I have always lusted after a sepia-toned library with floor-to-ceiling bookshelves and a sliding ladder. I fantasie about Tennessee Williams' types of evenings involving rum on the porch. I long for balmy slightly sleepless nights with nothing but the whoosh of a wooden ceiling fan to keep me company, and the joy of finding the cool spot on the bed. I would while away my days jotting down my thoughts in a battered leather-bound notebook, which would have been given to me by some former lover. My scribbling would form the basis of a best-selling novel, which they wold discuss in tiny independent bookshops on quaint little streets in forgotten corners of terribly romantic European cities. In other words, I fantasize about being credible, in that artistic, slightly bohemian way that only girls with very long legs can get away with.
This time Simone did not smile at all. "I cannot tell that to you, child. This is a secret I am not allowed to talk about. I only hope that you will know how to follow the true and right path. And now, farewell!" She turned around and walked away between the bookshelves, disappearing from their sight. Nirupa looked at the book she held in her hand. On its thick front cover she read: "Atlantis." Deep shudders shook her body. She turned her head and looked at Miss Bell, who also looked numb with fear. "Now that we have started the adventure, me must carry it through to the end, " Ni whispered to Miss Bell, opening the book. She did not have time to see what was written inside because, once the first page was open, a whirl of warm air sucked Ni and Miss. Bell inside, In the twinkle of an eye they found themselves standing up on the main street of a magnificent bazaar.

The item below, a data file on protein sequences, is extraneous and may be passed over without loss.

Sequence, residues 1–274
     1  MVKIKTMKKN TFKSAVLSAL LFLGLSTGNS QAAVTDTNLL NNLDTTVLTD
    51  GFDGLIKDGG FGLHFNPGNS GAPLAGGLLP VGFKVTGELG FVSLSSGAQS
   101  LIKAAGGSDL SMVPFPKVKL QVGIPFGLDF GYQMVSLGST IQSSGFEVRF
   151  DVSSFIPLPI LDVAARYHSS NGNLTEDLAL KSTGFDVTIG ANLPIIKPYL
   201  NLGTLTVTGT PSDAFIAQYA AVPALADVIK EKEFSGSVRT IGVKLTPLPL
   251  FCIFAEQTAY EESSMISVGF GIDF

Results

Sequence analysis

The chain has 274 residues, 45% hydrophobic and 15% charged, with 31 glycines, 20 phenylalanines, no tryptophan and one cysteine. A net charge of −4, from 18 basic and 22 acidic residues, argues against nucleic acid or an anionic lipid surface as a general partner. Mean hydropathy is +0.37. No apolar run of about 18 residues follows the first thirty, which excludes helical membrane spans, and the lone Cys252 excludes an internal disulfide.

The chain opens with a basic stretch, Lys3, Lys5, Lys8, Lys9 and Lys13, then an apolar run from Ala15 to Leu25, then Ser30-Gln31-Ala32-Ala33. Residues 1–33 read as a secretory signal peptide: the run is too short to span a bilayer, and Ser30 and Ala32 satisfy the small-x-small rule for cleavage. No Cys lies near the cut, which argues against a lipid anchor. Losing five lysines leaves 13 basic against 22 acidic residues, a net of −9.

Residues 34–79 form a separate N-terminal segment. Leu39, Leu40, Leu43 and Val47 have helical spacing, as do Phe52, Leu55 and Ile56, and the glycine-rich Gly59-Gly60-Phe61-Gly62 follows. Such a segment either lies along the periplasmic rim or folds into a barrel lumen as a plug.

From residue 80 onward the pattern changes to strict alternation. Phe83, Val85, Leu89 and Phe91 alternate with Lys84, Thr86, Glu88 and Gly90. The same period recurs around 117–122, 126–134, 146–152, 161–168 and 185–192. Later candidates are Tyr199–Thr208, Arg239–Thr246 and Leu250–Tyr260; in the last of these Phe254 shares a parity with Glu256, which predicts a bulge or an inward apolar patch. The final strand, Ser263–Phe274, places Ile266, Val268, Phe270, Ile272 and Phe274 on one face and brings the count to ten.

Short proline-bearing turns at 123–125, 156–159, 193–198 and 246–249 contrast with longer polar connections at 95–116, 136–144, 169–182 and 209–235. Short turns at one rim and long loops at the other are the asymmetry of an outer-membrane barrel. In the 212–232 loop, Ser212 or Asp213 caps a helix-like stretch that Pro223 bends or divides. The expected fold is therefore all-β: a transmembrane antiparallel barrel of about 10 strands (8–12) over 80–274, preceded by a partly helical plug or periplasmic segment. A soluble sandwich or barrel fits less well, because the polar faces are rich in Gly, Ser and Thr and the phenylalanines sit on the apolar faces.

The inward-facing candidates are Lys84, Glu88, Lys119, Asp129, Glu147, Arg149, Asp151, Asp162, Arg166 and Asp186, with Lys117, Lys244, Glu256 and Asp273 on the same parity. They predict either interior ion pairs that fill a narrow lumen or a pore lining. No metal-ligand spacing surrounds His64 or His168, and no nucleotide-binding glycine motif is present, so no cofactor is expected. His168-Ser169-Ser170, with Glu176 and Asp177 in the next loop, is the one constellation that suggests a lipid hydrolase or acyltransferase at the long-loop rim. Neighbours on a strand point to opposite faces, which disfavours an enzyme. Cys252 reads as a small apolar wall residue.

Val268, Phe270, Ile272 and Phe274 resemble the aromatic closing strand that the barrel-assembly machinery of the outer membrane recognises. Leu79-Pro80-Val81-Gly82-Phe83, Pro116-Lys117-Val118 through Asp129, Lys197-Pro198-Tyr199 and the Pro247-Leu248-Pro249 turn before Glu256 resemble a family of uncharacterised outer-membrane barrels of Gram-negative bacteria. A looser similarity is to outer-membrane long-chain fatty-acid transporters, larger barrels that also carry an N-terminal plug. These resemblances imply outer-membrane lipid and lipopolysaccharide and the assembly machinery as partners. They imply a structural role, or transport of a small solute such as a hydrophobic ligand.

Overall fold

Leora Cika Waldman
I love bookshelves, and stacks of books, spines, typography, and the feel of pages between my fingertips. I love bookmarks, and old bindings, and stars in margins next to beautiful passages. I love exuberant underlinings that recall to me a swoon of language-love from a long-ago reading, something I hoped to remember. I love book plates, and inscriptions in gifts from loved ones, I love author signatures, and I love books sitting around reminding me of them, being present in my life, being. I love books. Not just for what they contain. I love them as objects too, as ever-present reminders of what they contain, and because they are beautiful. They are one of my favorite things in life, really at the tiptop of the list, easily my favorite inanimate things in existence, and... I am just not cottoning on to this idea of making them... not exist anymore. Making them cease to take up space in the world, in my life? No, please do not take away the physical reality of my books.